Front Page Titles (by Subject) Luther's First Preface. - The Hymns of Martin Luther
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Luther’s First Preface. - Martin Luther, The Hymns of Martin Luther 
Dr. Martin Luther’s Deutsche Geistliche Lieder. The Hymns of Martin Luther set to their original Melodies with an English version, ed. Leonard Woolsey Bacon and Nathan H. Allen (London: Hodder and Stoughton, 1884).
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Luther’s First Preface.
To the “Geystliche Gsangbüchlin, Erstlich zu Wittenberg, und volgend durch Peter schöffern getruckt, im jar m. d. xxv.
Autore Ioanne Walthero.”
That it is good, and pleasing to God, for us to sing spiritual songs is, I think, a truth whereof no Christian can be ignorant; since not only the example of the prophets and kings of the Old Testament (who praised God with singing and music, poesy and all kinds of stringed instruments) but also the like practice of all Christendom from the beginning, especially in respect to psalms, is well known to every one: yea, St. Paul doth also appoint the same (1 Cor xiv.) and command the Colossians, in the third chapter, to sing spiritual songs and psalms from the heart unto the Lord, that thereby the word of God and Christian doctrine be in every way furthered and practised.
Accordingly, to make a good beginning and to encourage others who can do it better, I have myself, with some others, put together a few hymns, in order to bring into full play the blessed Gospel, which by God’s grace hath again risen: that we may boast, as Moses doth in his song (Exodus xv.) that Christ is become our praise and our song, and that, whether we sing or speak, we may not know anything save Christ our Saviour, as St. Paul saith (1 Cor. ii.).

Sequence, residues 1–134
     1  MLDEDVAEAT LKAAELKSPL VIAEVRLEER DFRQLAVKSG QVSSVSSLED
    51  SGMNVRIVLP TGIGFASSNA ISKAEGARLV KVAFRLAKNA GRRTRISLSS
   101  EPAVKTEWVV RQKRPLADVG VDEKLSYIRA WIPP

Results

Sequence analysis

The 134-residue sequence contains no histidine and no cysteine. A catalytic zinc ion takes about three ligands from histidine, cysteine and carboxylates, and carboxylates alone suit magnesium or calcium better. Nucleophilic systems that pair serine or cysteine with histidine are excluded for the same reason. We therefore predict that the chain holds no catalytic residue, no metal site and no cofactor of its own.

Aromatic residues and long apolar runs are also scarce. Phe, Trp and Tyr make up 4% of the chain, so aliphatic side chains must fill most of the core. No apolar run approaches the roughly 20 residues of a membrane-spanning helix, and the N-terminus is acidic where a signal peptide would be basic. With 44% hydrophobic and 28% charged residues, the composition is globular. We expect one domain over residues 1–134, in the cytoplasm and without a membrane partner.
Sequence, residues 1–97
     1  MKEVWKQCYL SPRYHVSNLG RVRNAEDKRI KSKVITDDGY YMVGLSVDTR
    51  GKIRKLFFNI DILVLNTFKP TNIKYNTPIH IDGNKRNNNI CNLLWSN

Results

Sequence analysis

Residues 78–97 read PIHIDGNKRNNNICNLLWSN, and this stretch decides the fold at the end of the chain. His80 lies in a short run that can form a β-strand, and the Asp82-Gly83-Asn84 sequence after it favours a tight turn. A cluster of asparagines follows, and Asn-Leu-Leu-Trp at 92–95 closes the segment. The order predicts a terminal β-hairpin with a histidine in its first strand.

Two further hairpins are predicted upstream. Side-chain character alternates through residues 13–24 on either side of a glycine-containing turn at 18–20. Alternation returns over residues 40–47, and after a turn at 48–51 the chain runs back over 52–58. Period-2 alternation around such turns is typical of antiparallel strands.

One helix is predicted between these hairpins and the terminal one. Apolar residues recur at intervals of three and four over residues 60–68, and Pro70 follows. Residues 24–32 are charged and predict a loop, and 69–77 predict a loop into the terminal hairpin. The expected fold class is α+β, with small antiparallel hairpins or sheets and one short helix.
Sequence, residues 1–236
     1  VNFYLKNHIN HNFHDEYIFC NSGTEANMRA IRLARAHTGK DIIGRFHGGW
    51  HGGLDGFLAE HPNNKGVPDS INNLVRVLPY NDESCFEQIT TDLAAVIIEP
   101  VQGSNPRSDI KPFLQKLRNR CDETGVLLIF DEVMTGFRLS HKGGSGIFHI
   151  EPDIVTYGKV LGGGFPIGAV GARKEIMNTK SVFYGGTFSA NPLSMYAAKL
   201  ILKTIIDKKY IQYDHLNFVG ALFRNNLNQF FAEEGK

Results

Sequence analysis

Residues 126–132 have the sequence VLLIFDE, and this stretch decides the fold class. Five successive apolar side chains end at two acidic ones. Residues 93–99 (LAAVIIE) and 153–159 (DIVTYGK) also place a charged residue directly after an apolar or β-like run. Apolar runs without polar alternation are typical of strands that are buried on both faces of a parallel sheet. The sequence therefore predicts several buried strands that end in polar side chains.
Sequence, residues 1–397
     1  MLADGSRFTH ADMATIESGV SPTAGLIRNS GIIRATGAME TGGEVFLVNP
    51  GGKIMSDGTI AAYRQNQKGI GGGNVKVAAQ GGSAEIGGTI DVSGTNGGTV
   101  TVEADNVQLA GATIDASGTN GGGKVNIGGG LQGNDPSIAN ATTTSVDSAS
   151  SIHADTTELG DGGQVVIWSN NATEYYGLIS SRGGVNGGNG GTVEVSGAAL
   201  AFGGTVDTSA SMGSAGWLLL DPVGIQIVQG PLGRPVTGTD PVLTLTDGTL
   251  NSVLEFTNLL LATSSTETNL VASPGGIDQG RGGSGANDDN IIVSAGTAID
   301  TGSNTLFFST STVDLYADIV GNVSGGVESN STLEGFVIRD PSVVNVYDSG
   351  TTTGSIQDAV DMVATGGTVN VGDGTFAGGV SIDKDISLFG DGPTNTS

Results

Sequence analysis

These songs have been set in four parts, for no other reason than because I wished to provide our young people (who both will and ought to be instructed in music and other sciences) with something whereby they might rid themselves of amorous and carnal songs, and in their stead learn something wholesome, and so apply themselves to what is good with pleasure, as becometh the young.
Beside this, I am not of opinion that all sciences should be beaten down and made to cease by the Gospel, as some fanatics pretend; but I would fain see all the arts, and music in particular, used in the service of Him who hath given and created them.
Therefore I entreat every pious Christian to give a favorable reception to these hymns, and to help forward my undertaking, according as God hath given him more or less ability. The world is, alas, not so mindful and diligent to train and teach our poor youth, but that we ought to be forward in promoting the same. God grant us his grace. Amen.